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Exit interviews

By CCIWA Editor 

Exit interviews allow employers to capture constructive feedback from departing employees regarding the work environment, job content, management and their reasons for leaving the organisation.

Why conduct exit interviews?

Given the significant costs associated with high turnover, companies need to look at implementing strategies to retain employees. Information obtained from departing employees through exit interviews can greatly assist in the development of such strategies.

Exit interviews are often also seen by remaining employee’s as a sign of positive culture, because the company is taking an interest in its staff and is prepared to invest time into improving the working environment.

How do I conduct an exit interview?

Employers must first establish how they wish to conduct the interview. Generally, exit interviews are either conducted face-to-face, or via the completion of a written questionnaire.

Face-to-face interviews allow flexibility for the interviewer to focus on the unique characteristics of each employee and the circumstances that surround their departure.

Prior to their departure, an employee should be approached about partaking in an exit interview. Whilst an employer cannot force an employee to partake in an exit interview, employers should communicate the purpose of the interview and inform the employee that it is a good opportunity for them to provide some constructive feedback.

Prior to the interview, the employee should be informed of who will be able to access the information obtained through the interview. They should be afforded the option of consenting to the information being given to third parties, including relevant supervisors or managers.

What sorts of questions should I ask?

It is a good idea to seek both quantitative and qualitative information from exit interviews. Quantitative questions lend themselves to analysis of any trends apparent contributing to the decision of employees to exit the organisation. Qualitative questions allow the interviewer to seek more detailed information unique to each individual employee.

When developing questions for the exit interview, it is common for the following areas to be covered (this list is not exhaustive):

  • Experience during the recruitment and hiring process
  • Usefulness and thoroughness of induction and orientation
  • Access to and quality of training
  • Performance management and performance review processes
  • The position tasks and responsibilities
  • Support throughout employment from management and peers
  • Effectiveness of communication across all levels and all departments within the organisation
  • Satisfaction with total compensation/ rewards and recognition
  • Satisfaction with physical working environment.

The interview may include some of the following example questions:

  • What is your primary reason for leaving the organisation?
  • Is there anything you wish you had been told when you commenced with the company/ in the role?
  • Were you provided with everything you needed to be successful and meet your performance expectations in the role?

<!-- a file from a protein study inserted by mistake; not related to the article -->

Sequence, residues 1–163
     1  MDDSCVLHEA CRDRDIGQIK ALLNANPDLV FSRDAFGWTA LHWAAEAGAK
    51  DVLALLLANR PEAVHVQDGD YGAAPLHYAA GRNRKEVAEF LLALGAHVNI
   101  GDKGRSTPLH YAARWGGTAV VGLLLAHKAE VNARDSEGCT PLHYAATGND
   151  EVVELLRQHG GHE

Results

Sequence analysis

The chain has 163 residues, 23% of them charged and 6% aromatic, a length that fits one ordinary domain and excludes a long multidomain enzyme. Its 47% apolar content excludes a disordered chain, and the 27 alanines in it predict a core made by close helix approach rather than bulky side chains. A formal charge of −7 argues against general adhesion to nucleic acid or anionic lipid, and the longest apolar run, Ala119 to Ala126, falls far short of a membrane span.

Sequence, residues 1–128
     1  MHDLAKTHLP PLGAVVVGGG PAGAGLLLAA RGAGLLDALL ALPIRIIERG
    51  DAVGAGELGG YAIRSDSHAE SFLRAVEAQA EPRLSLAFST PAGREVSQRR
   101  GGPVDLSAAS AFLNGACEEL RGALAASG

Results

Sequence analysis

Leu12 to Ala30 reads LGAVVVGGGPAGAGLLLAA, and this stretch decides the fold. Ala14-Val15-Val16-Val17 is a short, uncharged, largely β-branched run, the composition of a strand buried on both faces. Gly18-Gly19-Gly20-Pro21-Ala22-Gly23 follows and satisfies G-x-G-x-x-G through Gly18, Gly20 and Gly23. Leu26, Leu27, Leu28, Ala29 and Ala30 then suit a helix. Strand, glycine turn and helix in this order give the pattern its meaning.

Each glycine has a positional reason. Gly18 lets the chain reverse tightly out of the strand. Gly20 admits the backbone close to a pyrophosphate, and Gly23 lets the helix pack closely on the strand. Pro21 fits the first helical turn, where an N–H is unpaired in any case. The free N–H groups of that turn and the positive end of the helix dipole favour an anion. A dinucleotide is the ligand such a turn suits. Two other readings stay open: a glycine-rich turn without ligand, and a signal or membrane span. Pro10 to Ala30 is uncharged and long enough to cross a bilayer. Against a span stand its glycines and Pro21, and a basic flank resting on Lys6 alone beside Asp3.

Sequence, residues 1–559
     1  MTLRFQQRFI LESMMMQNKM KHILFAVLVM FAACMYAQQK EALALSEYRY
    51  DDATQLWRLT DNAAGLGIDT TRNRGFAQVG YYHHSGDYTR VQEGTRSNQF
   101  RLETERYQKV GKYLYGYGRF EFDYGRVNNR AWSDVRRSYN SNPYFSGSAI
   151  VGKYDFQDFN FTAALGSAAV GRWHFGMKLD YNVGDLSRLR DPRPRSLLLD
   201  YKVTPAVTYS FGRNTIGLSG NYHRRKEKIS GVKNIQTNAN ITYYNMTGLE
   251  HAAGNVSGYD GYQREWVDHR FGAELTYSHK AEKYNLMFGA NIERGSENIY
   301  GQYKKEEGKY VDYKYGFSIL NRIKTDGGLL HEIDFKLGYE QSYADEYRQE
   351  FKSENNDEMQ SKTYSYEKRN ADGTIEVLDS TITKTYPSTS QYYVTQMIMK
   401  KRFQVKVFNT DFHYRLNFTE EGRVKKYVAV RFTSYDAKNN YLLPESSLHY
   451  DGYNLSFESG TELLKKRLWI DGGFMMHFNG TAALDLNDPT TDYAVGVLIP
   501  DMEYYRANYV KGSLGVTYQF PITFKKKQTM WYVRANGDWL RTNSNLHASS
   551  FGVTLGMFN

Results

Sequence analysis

• What aspects of your employment do you feel were managed well?
  • What aspects of your employment could have been managed better?
  • Would you refer a friend or acquaintance to work for the company?

After the interview

It is important that the information obtained through exit interviews is considered and acted upon. A lack of action may result in a loss of credibility of management and a reduction in satisfaction in the workplace.

It is a good idea to develop a plan for the evaluation and implementation of information gathered by exit interviews.

Knowledge transfer

Exit interviews are also a good way for employers to retain knowledge from exiting employees.

Possible questions to obtain such information may include:

  • How might your successor benefit from your knowledge and experience prior to your departure?
  • Would you be happy to take part in a meeting with managers/ replacements/ colleagues in order to share some of your knowledge prior to your departure?
  • What can we do to enable you to share your knowledge and experience with your colleagues?

Things to consider

  • It is important that the interviewer does not influence the employee with any bias or leading questions.
  • It is a good idea to develop a plan for evaluating and implementing the information obtained through exit interviews in order to give purpose to the interview and guide the actions of the interviewer.
  • The interviewer must keep their emotions in check, particularly if the employee is making personal comments or becomes offensive. There is no obligation to continue an interview if it becomes unproductive.

CCIWA can provide more detailed information to assist you in getting the most out of your exit interviews. For further assistance call CCI’s Employee Relations Advice Centre on (08) 9365 7660 or email

Exit interviews allow employers to capture constructive feedback from departing employees regarding the work environment, job content, management and their reasons for leaving the organisation.

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